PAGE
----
THE BLOG
06/01/2011 11:34 am ET | Updated Aug 01, 2011

"All or Nothing at All"

In looking at the response of the critics to the new PROTECT IP bill I couldn't help but recall the title of the old Altman/Lawrence song "All or Nothing at All". These critics want a perfect solution to piracy or no solution at all.

They all do lip service to the idea that piracy is a problem but, and there is ALWAYS a "but", they find some hypothetical situation that might happen as a result of the legislation and say the results would be too dire for them to support the Bill in its current form.

The fact is undeniable that piracy has become a profitable business model for rogue websites and their enablers. American creators of all varieties are having their work plundered costing billions to our economy and hundreds of thousands of jobs. Many of these rogues sites are foreign-owned or their domain names are registered outside the jurisdiction of U.S. law even though they target U.S. consumers. Policy makers have struggled for over a decade to find the proper fix for the problems presented by these rogue websites and now with the PROTECT IP Bill they are taking some first steps.

The PROTECT IP Bill focuses squarely on removing the profit from these illegal enterprises. It would authorize civil action in U.S. Federal Court to crack down on rogue websites dedicated to the sale of infringing or counterfeit goods. It targets the 'worst of the worst' websites that are dedicated to selling infringing goods.

Both the Justice Department and individual rights holders would be able to file a civil suit against the owner of a domain name that accesses a foreign Rogue website or the foreign-registered domain name itself to try to get the Court to rule that the site is dedicated to infringing activities. If the suit is successful and the Court issues an order against the owner or registrant of the website, the Attorney General would then be authorized to serve that order on specified ISP's, payment processors, online advertisers, and search engines, telling them that they must either stop doing business with the rogue sites or block access to them.

In simple terms the Attorney General tells these third parties to stop doing business with known thieves.

But these reasonable procedures with all their due process are still not perfect enough for the critics.

For instance, they like to refer to the Bill as the "Internet Censorship Act" because some website containing massive amounts of counterfeit and infringing material MIGHT also contain a political statement that would be covered by the First Amendment. But the law is clear, you can't simply wrap your illegal files in a copy of the Constitution and be immune from prosecution. Remember, a U.S. Federal court has to determine that the site is 'dedicated' to counterfeiting and infringement before an order will be issued.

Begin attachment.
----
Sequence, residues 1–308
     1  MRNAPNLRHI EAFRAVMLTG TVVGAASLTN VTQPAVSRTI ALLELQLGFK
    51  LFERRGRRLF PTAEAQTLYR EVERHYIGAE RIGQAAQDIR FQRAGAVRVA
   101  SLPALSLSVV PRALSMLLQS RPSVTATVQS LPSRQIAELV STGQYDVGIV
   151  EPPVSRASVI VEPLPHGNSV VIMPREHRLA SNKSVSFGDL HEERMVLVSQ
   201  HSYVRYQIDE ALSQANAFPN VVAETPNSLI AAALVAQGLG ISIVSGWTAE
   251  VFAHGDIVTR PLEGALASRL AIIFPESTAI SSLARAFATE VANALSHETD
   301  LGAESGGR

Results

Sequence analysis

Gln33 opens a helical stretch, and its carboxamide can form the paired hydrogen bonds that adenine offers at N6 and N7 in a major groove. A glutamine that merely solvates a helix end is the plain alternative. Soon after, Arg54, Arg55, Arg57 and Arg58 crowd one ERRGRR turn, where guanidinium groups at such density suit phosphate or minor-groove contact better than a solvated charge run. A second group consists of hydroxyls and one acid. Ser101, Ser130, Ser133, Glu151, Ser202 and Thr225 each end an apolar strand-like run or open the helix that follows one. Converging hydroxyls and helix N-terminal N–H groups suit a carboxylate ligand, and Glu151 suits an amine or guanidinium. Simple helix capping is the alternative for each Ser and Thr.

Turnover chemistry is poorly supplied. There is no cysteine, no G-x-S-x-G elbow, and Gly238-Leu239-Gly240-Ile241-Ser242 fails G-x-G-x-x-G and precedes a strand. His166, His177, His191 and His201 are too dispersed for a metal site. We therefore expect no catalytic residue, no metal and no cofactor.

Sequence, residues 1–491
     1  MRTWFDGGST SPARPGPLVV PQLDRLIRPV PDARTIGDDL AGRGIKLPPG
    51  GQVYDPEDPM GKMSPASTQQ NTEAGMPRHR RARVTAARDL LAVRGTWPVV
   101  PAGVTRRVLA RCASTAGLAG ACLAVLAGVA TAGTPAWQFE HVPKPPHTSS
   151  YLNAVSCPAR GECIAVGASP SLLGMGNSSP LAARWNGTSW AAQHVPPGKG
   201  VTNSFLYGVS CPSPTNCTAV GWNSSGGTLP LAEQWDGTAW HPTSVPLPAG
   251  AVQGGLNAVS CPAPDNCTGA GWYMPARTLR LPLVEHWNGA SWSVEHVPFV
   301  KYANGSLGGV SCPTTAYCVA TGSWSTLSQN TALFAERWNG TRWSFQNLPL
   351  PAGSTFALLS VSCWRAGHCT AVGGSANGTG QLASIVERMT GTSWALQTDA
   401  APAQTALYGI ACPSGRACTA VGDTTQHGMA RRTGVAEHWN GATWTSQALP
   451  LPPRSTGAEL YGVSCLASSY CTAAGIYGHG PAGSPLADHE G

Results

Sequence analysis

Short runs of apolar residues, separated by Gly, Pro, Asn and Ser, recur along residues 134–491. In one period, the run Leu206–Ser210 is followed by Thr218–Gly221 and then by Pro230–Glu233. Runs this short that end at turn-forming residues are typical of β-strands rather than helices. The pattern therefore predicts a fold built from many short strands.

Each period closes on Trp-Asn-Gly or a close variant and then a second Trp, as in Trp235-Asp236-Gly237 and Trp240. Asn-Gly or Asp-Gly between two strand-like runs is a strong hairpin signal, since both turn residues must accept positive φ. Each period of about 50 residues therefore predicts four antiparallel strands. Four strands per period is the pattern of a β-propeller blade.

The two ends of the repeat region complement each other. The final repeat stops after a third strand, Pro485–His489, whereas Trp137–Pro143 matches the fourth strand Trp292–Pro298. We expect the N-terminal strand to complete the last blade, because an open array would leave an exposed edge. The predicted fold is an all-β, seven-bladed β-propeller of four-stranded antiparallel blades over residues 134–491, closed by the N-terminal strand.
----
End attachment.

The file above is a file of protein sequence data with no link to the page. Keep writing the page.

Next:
Some detractors like the the Electronic Frontier Foundation claim that the Bill threatens current 'safe harbor' provisions in the DMCA (Digital Millennium Copyright Act). They make the claim on the EFF website that, "rights holders will argue that safe harbor qualification is simply immaterial if a site is deemed to be dedicated to infringement." It appears that the EFF wants the DMCA to be a shelter against prosecution even if the site is dedicated to infringement. That was never the intent of the DMCA, which was to protect legitimate sites from prosecution for unknowing storage or transfer of copyrighted material.

Public Knowledge finds fault with the Bill because, "even if the site isn't itself infringing copyright, if its actions "enable or facilitate" someone else's infringement, the government can tell ISPs to blacklist your site, and copyright holders can sue to cut your funding." But encouraging and enabling others to violate copyright law is already against the law. This Bill only makes it possible to do something about the rogue sites that are thumbing their noses at that law.

Lastly the critics invoke the old 'slippery-slope' argument that the Bill "will be taken as a model for governments everywhere that seek to cut off from their citizens content and speech they'd rather not have available. This bill accelerates the Internet down that path." It is highly doubtful that dictators around the World are eagerly awaiting the moment when this BIll passes so they can censor the Internet. They are ALREADY censoring the internet. There will always be tyrants who will seek to silence their critics. However, the film makers, writers, and musicians whose voices have always been in the vanguard of freedom are now being silenced by piracy when they are forced out of their chosen professions. That is a form of repression of free speech that is clearly happening right now all over the globe.

As a creator there is nothing more disheartening than seeing your work being stolen while advertizements are sold on top of the access to illegal copies of your work. (Independent film maker Ellen Seidler has a great expose' documentary called, Pirates, Google, and DMCA, that shows how this system pays everyone but the creators.) The time has come to protect the voices that are being silenced by these rogues websites. The Protect IP Bill isn't a perfect fix-all for piracy, but it is a start.

Sometimes instead of singing "All or Nothing at All" we need to sing 'something is better than nothing'!